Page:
“I often wonder how biscuits are made. I know how to make other food. In fact, all food that we eat, we make it with our own hand. That’s how it is here. But, these biscuits puzzled me, I have no idea how to make one,” said Teu Taloy.
We’d recently visited Teu Taloy at his hamlet in Ugai, Siberut, Indonesia, during Christmas and New Year festivity. Our morning routine includes sitting together in front of uma, the traditional house, while eating biscuits with a cup of tea. As common as it may be, situated in context, this morning routine is a special moment. In mountainous Ugai, biscuit is a privilege. It signifies special occasion. Industrial food that needs to be purchased is unlikely to be seen in other time of the year, as people here self-provided their daily food.
In this remote island best known for its internationally acclaimed surfing spots, pristine nature, rich biodiversity, and the “authenticity” of the “indigenous” people, locals eat sagoo, yam, sweet potato, and banana that are abundant and cultivated in their own family-farm. They also eat self-reared chicken and pig. Sometimes they caught fishes from the shore and shrimp from the river. Nature also provide them with endless fruit supply during each fruit season, such as mango, rambutan, durian, langsat, and cempedak.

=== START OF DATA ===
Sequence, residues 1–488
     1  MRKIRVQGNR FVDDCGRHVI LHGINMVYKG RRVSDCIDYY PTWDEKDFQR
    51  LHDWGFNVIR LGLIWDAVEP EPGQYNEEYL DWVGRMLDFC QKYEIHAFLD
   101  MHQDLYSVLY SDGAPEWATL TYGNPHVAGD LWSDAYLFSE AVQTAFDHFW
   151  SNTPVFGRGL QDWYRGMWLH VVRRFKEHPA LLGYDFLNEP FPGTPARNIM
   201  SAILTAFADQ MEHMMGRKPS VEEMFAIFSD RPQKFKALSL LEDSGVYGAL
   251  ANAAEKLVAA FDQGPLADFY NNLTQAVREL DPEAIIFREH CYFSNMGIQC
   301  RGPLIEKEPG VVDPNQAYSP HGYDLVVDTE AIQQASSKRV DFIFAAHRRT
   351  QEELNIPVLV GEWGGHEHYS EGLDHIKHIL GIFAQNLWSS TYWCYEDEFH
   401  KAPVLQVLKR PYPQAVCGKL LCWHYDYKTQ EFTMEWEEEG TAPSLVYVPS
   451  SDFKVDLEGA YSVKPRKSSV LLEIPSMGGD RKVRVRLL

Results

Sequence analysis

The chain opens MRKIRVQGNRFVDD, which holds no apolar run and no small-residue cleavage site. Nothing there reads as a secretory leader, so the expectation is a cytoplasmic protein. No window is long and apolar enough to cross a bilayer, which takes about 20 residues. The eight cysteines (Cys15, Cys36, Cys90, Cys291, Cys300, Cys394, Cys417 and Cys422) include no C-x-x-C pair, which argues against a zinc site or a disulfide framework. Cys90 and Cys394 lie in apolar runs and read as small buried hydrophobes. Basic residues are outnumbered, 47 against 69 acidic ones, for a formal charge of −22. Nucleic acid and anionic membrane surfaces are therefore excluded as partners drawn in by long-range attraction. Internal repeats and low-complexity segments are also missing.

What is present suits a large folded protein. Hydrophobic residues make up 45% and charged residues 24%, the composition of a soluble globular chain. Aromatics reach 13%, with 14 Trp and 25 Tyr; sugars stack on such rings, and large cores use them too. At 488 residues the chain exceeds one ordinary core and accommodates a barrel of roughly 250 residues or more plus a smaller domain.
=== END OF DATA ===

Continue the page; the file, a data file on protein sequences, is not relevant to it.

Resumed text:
Although Siberut is a remote area, the native Mentawaian people are proud that there’s no lacking of food. Family farming is the key to self-sufficiency of food and nutrition for most Mentawaian. But, it is not just family farming. It is family farming with essential elements not to be left out.
The first key element is the availability of huge land for food cultivation. Unlike other overpopulated areas in Indonesia, Siberut provide more than sufficient land for family farming. On average, each person in Siberut benefitted from 9 km square of land. No wonder, there is no need for food storage because sagoo and yam are abundant and can be collected at any time from the land. Food that is consumed directly from nature with less processing, or perhaps what is known as “organic food” in other places, are providing higher nutrition than highly processed food.